Affordance
WebCT can be accessed by any student across the six institutions hosting the FDLS thus a student in a specific work context who may not be with a peer group at their host institution can communicate with other students with similar backgrounds.
Workflow
Activities to further support the taught content are placed on WebCT to deepen understanding in a constructivist sense though communication and discussion.

Intended outcome(s)

  • To enable students to engage with others in order to deepen their understanding of course content.
  • To provide a support network to enable and broaden access to learning.

Challenges

The main issues to arise from using a MLE to facilitate learning could be divided into different areas from the macro to the micro.

Institution
Until a student registers and this registration is processed, students do not have an identity which hinders accessing any ICT resources. Applications from students may be taken up to and beyond the official start date for the course.
Partner colleges
Encouraging discussion and joint development of modules is a difficult aspect due to the tensions in time allowance and distance between FE and HE.
Tutors
e-Learning is a new initiative which has required tutors to see the benefits for themselves and/or their students before committing to developing their technical skills to use and embed learning on WebCT. Time to learn, develop and maintain WebCT is an issue, especially when tutors may be used to only delivering learning in a traditional manner.
Students
Students enter the FDLS with a range of backgrounds, most of whom are returning to study after an extended period. Even entering the physical environment can be a cause of concern initially and use of virtual environments and broader ICT skills can be varied with students having little or no experience with ICT through to being advanced users.

Established practice

E-learning has been a new initiative for the FDLS and as such, previous learning had been facilitated through 'traditional' lectures and tutorials.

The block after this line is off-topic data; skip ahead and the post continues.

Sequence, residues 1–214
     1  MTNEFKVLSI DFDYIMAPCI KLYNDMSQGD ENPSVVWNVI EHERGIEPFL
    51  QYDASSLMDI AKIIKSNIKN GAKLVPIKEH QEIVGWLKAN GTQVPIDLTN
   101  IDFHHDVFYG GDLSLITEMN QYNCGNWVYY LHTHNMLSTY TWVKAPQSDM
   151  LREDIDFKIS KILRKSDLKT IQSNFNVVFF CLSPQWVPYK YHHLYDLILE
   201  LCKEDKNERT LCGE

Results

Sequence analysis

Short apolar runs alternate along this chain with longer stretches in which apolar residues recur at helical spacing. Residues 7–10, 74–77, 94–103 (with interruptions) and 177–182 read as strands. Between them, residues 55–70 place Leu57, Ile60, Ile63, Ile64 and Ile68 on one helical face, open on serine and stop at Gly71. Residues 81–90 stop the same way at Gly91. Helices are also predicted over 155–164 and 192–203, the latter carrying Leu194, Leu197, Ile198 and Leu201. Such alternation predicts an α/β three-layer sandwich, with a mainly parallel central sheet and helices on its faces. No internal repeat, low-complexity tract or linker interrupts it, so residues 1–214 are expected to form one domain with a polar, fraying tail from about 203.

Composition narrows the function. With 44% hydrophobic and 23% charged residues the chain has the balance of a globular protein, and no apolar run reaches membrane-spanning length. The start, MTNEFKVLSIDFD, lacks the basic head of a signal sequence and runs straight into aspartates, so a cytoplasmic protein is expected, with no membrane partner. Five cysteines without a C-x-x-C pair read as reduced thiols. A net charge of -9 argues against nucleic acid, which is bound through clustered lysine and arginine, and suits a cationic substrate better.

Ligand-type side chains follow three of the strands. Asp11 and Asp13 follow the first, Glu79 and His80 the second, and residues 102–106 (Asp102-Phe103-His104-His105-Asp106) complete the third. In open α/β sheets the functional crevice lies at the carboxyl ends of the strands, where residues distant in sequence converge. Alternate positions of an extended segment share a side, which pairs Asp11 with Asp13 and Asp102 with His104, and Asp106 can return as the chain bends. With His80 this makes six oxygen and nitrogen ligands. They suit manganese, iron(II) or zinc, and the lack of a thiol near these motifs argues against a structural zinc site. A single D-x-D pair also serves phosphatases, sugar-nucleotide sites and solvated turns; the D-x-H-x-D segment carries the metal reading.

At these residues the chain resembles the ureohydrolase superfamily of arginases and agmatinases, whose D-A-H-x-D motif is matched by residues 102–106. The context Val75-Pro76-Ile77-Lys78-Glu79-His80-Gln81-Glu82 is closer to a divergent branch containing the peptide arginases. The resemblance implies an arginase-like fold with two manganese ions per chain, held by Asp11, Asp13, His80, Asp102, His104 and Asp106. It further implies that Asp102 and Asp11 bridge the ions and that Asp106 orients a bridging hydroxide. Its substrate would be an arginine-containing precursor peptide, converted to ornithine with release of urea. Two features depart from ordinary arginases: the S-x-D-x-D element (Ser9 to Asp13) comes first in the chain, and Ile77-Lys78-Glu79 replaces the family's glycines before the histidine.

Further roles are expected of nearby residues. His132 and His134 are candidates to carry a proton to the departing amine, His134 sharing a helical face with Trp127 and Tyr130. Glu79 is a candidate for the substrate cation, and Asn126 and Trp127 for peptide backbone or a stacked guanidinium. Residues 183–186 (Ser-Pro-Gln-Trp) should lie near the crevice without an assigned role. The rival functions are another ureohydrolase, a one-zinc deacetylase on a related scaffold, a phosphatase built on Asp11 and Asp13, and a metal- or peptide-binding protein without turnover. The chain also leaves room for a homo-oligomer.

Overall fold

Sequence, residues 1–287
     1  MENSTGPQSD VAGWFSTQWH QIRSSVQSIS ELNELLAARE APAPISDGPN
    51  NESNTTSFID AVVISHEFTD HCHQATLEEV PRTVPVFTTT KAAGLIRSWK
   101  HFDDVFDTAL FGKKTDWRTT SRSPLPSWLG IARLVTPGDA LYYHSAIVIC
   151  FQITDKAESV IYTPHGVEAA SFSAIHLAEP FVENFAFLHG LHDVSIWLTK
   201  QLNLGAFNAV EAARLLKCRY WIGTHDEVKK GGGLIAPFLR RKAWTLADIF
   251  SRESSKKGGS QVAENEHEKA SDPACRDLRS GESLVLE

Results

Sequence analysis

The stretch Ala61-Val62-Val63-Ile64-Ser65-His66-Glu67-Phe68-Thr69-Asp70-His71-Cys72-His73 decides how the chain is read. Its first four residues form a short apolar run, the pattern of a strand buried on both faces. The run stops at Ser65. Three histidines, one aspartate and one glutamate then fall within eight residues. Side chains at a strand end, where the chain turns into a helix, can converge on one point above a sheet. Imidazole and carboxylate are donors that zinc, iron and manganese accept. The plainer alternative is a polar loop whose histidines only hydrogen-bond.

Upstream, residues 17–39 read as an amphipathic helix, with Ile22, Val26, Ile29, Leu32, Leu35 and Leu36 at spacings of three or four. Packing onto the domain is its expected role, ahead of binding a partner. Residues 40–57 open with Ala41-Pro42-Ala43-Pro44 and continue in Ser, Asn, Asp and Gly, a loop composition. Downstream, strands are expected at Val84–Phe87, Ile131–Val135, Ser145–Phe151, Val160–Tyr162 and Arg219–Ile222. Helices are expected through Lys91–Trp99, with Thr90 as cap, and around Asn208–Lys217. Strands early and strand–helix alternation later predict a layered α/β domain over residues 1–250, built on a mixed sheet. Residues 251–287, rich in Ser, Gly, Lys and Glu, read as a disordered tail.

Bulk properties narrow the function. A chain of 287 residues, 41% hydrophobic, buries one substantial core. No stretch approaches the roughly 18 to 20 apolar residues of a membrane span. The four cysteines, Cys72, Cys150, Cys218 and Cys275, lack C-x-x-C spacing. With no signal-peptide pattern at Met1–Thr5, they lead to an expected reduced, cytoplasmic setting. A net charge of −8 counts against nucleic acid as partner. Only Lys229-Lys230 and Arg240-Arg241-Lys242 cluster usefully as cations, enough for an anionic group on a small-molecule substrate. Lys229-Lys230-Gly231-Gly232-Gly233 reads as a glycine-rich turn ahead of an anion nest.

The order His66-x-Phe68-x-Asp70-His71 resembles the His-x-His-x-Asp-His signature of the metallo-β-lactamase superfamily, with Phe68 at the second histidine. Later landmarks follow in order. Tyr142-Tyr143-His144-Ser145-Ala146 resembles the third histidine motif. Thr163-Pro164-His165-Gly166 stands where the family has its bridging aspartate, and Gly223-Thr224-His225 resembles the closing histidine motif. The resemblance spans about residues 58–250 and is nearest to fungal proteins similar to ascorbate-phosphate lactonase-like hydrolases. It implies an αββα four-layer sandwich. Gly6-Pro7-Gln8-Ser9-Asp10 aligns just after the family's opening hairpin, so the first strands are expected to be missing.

The e-learning advantage

Students are regularly in contact with tutors through e-mail for support and welcome the idea that they can access further assignment guidance, additional material or lecture notes from WebCT. Tutors have the benefit of being able to store materials and communicate with all students directly, while also having a record of e-mail queries.

Key points for effective practice

Time must be allocated for all involved in course management and delivery, in developing WebCT. Benefits to tutors and their students needs to be made explicit and time embedded into modules to ensure that students understand how WebCT will be utilised in their modules. Regular meetings to develop WebCT between partner colleges needs to be set aside for effective development.

Conclusions and recommendations

Within the seven months that WebCT has been in operation, all students have accessed WebCT and are aware of the capabilities and benefits that are offered through engagement. All modules on the FDLS are structured on WebCT in a similar way to ensure consistency of student experience. Most tutors at the host institution have engaged with training on WebCT. Time has been allocated for support to be directly provided for partner college staff at their location.

Sharon Smith (Evesham and Malvern Hills College)
Scott Buckler (University College Worcester)
April 2005

 

Supported by JISC Supported by CETIS
Powered by Plone